Protesters hit Sudan streets to demand reforms, justice

Riot police officers hold position against protesters near the Parliament buildings, as members of Sudanese pro-democracy protest on the anniversary of a major anti-military protest, while groups loyal to toppled leader Omar Al-Bashir plan rival demonstrations, in Omdurman, Khartoum, Sudan June 30, 2020. (Reuters)
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Updated 01 July 2020

Protesters hit Sudan streets to demand reforms, justice

  • Many chanted the catchphrase of anti-Bashir protests: “Freedom, peace and justice”

KHARTOUM: Tens of thousands of Sudanese protesters took to the streets on Tuesday calling for reforms and demanding justice for those killed in anti-government demonstrations that ousted president Omar Bashir last year.

The protests in several cities and the capital Khartoum went ahead with security forces deployed in force and despite a tight curfew since April designed to curb the spread of coronavirus.

“Our demands are peace ... and justice. We call for economic reform and appointment of civilian governors to states,” said a protester in Burri, east of Khartoum.

“This march is to put the revolution back on course, not to overthrow the government.”

Many chanted the catchphrase of anti-Bashir protests: “Freedom, peace and justice.”

In Dongola, north of the capital, hundreds carried banners demanding “retribution” for demonstrators killed in clashes with security forces last year.

Similarly, in Nyala, the capital of South Darfur, demonstrators draped in the Sudanese flag carried banners that read: “Retribution and peace.”

Protesters also gathered in Khartoum’s twin city of Omdurman and Zalingei, the capital of Central Darfur.

At least 246 were killed and hundreds others wounded during the 2018-19 anti-government protests, according to doctors linked to Sudan’s protest movement.

Tuesday’s rallies coincided with the 31st anniversary of the 1989 military coup that brought Bashir to power.

Bashir was ousted by the military in April 2019 following months-long mass protests against his 30-year rule, in an uprising triggered by economic hardship.

Sudan has since August been led by a civilian-majority administration presiding over a three-year transitional period.

The country is reeling from economic woes, largely blamed on Bashir-era policies. Since his ouster, the former strongman has been detained and he was handed a two-year prison sentence on corruption charges in December.

He faces separate charges over the deaths of protesters and the 1989 coup.

Bashir is also been wanted by the International Criminal Court for alleged war crimes and crimes against humanity in the Darfur conflict.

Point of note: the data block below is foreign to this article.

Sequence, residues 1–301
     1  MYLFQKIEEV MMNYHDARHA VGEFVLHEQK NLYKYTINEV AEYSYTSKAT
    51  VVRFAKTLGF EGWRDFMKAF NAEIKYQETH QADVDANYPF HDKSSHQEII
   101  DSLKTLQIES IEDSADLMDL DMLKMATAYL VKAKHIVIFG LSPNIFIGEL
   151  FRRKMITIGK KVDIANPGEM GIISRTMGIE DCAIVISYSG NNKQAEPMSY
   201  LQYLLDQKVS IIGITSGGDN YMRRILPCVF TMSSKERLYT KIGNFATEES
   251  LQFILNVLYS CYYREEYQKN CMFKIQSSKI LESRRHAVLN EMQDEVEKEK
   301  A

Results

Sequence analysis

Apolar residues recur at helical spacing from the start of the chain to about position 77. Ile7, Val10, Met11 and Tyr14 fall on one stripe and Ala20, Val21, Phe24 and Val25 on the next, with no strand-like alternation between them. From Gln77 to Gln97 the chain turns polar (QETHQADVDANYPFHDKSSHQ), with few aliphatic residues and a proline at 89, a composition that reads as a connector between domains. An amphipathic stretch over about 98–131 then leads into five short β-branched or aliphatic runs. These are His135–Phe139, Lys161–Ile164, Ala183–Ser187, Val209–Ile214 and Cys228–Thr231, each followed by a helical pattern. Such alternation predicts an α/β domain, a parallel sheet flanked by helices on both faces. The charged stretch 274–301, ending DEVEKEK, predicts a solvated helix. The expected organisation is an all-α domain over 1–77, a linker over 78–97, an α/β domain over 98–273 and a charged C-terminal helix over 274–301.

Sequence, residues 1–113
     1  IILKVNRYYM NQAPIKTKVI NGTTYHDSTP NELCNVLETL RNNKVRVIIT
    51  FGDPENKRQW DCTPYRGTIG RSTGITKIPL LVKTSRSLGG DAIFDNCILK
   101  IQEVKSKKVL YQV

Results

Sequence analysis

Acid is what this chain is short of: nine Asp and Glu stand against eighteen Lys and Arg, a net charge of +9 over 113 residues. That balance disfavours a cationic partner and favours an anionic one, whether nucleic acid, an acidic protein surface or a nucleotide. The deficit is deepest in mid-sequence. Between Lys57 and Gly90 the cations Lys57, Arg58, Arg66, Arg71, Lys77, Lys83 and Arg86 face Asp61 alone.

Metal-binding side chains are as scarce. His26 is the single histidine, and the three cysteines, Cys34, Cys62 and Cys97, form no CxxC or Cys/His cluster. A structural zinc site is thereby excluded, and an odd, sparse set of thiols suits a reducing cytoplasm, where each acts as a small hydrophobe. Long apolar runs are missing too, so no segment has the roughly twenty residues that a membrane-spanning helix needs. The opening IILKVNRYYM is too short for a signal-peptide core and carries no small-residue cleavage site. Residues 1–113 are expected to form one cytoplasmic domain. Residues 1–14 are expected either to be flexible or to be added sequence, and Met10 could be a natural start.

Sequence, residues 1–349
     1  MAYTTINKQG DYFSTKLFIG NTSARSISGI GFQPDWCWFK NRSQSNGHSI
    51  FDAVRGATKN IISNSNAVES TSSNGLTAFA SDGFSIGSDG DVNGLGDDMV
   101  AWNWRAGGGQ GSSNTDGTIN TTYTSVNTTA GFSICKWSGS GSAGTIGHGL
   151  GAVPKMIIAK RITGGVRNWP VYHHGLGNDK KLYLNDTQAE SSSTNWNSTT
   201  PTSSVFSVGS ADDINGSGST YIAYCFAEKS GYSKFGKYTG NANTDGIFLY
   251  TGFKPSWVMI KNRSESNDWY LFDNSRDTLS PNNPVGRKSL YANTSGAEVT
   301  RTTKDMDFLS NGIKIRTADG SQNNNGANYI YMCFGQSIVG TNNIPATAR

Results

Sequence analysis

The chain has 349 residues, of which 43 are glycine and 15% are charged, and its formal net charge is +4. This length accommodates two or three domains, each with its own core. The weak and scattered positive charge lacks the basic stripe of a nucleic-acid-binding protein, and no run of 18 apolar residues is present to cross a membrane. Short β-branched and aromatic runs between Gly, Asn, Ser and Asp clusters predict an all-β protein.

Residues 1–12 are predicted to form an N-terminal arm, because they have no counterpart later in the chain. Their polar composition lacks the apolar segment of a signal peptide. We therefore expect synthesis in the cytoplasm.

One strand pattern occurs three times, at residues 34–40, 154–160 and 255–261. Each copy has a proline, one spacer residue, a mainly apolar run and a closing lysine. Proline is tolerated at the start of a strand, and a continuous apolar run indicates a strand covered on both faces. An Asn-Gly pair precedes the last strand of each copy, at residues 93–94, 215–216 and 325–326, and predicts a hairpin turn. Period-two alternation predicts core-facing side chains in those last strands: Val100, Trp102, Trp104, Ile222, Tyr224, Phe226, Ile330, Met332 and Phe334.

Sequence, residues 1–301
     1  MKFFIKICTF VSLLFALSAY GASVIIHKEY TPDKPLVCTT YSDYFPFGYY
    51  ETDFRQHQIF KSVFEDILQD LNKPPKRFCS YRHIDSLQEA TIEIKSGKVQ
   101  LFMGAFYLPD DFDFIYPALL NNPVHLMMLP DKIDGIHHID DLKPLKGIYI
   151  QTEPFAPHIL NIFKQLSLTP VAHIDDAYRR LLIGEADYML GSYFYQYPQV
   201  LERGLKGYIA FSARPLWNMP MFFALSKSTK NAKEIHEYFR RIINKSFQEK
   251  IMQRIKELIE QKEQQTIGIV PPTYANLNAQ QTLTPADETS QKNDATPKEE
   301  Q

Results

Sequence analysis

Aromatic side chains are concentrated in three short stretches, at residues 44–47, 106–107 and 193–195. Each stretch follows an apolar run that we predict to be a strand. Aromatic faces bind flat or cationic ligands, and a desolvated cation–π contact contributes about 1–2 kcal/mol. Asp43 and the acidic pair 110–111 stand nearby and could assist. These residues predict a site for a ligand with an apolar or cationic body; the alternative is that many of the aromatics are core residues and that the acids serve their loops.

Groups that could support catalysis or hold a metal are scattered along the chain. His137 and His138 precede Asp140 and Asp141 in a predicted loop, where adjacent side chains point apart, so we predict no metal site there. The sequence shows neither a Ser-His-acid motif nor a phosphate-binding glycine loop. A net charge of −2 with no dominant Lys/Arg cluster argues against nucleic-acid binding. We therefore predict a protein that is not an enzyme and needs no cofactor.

Ex-Nissan boss Ghosn ‘helping everyone who stood by him’

Updated 39 min 34 sec ago

Ex-Nissan boss Ghosn ‘helping everyone who stood by him’

  • Ghosn made a dramatic escape from house arrest in Japan, where he was awaiting trial, and fled to Beirut, his childhood home
  • Ghosn has refused to discuss details of his escape from Japan, saying it would put in danger those who helped him

BEIRUT: Former Nissan Motor chairman Carlos Ghosn is helping everyone who stood by him, he said in an interview broadcast on Saturday, though he declined to comment on cases of people accused of helping him flee to Lebanon from Japan.
Ghosn, the ex-chairman of an automaking alliance of Renault SA, Nissan Motor Co. and Mitsubishi Motors Corp. was arrested in Japan in late 2018 on charges of underreporting his salary and using company funds for personal purpose — charges he denies.
In late December, he made a dramatic escape from house arrest in Japan, where he was awaiting trial, and fled to Beirut, his childhood home.
Japan has asked the United States to extradite US Army Special Forces veteran Michael Taylor and his son Peter Taylor, who are accused of helping Ghosn flee and were arrested in May.
Asked in an interview with Al Arabiya TV if he was trying to help the Taylors and others involved in his escape, Ghosn said: “You are talking about specific people, and I will not comment on those people who you are singling out.
“What I’m saying is that I am helping everyone who helped me; I’m helping them with my means, with my thinking, and in any way I can,” he said. “I am not talking about those people you mentioned specifically,” he said, adding that he was talking about people who helped him “in general.”
Ghosn has refused to discuss details of his escape from Japan, saying it would put in danger those who helped him.
A US judge said on Friday that Michael and Peter Taylor posed too great of a flight risk to be released on bail given the “spectacular” allegations against them.
Ghosn told Al Arabiya he made “the entire plan” for his escape but he had needed information and assistance from people whom he was not ready to endanger by talking about the matter.
Earlier this month, an executive from a Turkish private jet operator, four pilots and two flight attendants appeared in court on charges of helping to smuggle Ghosn via Istanbul.
Ghosn also said Japan had yet to send his case file to Lebanon as requested by the Lebanese government. “It has been six months and they haven’t sent the file. Why haven’t they sent the file?“